Theresa Jordan wins Supreme Court Appeal

Theresa Jordan, the mother of Pearse Jordan wins her appeal to the Supreme Court in the case of her son, who was shot dead by the RUC while unarmed.

Statement from Madden and Finucane Solicitors

06 March 2019

Mother of Pearse Jordan wins Supreme Court Appeal

This morning, the Supreme Court of the United Kingdom unanimously allowed an appeal by Teresa Jordan, mother of Pearse Jordan who was shot dead by the RUC in November 1992 against a decision of the Court of Appeal that a bereaved next of kin can only bring a claim for damages arising from the State’s failure to hold an inquest promptly, after the inquest has been concluded.

Mrs Jordan’s solicitor, Fearghal Shiels of Madden & Finucane, said:

“The Supreme Court has vindicated Pearse Jordan’s mother in bringing this appeal. It is a decision which is likely to have far reaching implications for dozens of next of kin in circumstances where the inquests into the deaths of their loved ones have effectively ground to a halt as a result of the woeful and deliberate failure to properly resource the coronial system. This judgment now gives those families an opportunity to access the courts and enforce their rights enshrined in the European Convention on Human Rights in the domestic courts without recourse to Strasbourg.”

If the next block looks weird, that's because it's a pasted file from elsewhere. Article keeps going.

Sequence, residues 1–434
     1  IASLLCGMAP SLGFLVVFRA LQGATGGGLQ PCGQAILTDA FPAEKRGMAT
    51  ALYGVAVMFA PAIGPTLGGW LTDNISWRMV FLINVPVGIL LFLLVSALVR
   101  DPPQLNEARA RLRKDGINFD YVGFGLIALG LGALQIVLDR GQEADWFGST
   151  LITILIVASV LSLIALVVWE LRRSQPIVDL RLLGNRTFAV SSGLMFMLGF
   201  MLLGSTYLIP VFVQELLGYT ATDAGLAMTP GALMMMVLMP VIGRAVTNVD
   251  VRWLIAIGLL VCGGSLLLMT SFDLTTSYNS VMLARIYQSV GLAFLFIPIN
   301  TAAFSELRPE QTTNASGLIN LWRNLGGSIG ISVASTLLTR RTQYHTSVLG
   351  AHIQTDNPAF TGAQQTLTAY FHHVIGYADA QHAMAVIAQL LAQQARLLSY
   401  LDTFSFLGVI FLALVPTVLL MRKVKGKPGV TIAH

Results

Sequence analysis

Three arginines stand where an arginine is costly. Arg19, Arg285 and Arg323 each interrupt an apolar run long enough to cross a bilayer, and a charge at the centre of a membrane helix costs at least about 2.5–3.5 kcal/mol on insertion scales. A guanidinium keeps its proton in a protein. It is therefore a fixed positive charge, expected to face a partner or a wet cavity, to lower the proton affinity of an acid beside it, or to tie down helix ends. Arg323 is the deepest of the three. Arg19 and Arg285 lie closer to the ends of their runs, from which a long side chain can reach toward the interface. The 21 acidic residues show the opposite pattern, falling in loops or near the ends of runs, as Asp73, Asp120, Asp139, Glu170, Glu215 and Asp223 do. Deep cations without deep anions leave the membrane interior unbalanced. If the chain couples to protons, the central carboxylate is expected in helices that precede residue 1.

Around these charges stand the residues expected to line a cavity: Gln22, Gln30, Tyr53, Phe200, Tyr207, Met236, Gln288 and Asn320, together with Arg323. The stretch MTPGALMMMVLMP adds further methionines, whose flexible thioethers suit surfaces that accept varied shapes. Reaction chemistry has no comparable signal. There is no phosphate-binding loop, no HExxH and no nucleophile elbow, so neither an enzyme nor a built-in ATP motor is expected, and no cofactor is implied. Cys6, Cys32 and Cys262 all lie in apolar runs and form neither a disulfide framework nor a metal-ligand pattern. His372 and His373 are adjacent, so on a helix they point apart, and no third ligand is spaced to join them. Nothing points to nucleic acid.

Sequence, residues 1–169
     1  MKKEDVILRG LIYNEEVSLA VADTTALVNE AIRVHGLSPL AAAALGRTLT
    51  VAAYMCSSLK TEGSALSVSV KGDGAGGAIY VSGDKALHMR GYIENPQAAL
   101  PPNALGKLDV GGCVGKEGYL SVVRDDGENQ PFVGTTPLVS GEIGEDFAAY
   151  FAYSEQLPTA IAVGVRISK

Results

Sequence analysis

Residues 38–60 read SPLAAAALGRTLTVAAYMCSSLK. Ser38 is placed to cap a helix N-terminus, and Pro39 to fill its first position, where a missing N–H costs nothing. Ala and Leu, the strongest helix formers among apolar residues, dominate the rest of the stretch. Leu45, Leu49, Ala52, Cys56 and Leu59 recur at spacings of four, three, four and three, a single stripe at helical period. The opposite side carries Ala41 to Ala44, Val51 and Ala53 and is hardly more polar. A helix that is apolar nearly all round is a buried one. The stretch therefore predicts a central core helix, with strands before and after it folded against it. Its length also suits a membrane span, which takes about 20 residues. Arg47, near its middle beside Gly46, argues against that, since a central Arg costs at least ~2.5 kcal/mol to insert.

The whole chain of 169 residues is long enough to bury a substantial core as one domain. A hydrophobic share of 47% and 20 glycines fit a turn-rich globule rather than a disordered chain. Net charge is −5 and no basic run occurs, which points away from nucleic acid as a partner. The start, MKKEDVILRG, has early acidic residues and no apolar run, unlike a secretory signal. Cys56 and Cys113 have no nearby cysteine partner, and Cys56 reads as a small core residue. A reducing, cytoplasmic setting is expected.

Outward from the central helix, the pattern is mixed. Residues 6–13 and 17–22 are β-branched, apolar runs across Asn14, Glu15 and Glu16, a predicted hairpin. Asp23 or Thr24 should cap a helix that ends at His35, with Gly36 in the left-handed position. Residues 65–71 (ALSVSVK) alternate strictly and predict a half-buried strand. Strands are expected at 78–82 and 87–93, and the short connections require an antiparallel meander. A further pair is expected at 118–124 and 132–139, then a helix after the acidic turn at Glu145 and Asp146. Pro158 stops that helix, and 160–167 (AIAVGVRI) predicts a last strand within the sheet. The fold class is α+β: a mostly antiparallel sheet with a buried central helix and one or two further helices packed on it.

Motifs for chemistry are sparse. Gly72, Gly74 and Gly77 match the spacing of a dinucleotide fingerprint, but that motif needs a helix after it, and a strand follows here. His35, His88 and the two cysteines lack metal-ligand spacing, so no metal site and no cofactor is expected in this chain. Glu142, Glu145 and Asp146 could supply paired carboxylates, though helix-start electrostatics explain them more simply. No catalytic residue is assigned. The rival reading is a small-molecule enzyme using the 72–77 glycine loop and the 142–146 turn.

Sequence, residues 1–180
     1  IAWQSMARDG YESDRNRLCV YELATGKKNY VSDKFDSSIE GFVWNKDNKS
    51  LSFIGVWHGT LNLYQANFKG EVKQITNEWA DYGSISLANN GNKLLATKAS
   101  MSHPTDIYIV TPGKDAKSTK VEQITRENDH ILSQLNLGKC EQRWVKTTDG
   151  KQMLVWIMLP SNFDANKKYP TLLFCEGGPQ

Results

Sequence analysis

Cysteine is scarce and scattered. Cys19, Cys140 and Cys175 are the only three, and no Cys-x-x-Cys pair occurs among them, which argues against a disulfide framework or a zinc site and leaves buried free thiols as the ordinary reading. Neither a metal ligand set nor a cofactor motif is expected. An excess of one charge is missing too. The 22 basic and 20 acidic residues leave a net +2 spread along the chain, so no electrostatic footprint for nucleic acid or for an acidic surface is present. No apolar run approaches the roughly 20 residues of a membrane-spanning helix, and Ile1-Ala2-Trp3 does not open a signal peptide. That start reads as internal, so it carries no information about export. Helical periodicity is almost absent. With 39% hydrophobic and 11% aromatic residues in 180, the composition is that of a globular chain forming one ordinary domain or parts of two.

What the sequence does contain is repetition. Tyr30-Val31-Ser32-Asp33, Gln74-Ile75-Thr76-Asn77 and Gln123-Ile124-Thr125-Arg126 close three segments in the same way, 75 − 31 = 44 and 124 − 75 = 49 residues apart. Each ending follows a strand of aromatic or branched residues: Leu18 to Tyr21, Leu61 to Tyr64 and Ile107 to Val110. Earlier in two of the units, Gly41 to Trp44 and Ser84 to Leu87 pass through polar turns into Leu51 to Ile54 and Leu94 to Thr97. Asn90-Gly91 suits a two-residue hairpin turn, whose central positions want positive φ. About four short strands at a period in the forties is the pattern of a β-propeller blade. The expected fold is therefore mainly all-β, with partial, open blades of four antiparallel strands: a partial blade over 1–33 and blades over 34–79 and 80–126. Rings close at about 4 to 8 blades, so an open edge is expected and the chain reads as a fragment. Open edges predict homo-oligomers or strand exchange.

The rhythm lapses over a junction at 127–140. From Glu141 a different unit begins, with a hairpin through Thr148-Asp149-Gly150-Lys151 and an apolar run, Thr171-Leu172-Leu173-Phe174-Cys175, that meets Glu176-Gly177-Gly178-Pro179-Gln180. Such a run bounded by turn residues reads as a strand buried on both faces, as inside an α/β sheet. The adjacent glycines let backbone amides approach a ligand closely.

1. In 1994 Pearse Jordan’s father Hugh complained to the European Court of Human Rights that the failure to carry out a prompt and effective investigation into his son’s death was a violation of Article 2 of ECHR.
  2. On 4 May 2001 the European Court of Human Rights upheld Mr Jordan’s complaint and ordered the UK Government to pay £10,000 damages, together with costs and expenses.
  3. In 2013, Mr Jordan brought further proceedings challenging the delay between 4 May 2001 and the commencement of an inquest into his son’s death on 24 September 2012. In 2014 the High Court held that there had been a further violation of Article 2 and awarded Mr Jordan £7,500 damages, to be payable by the Chief Constable of the PSNI. An appeal by the Chief Constable has yet to be decided.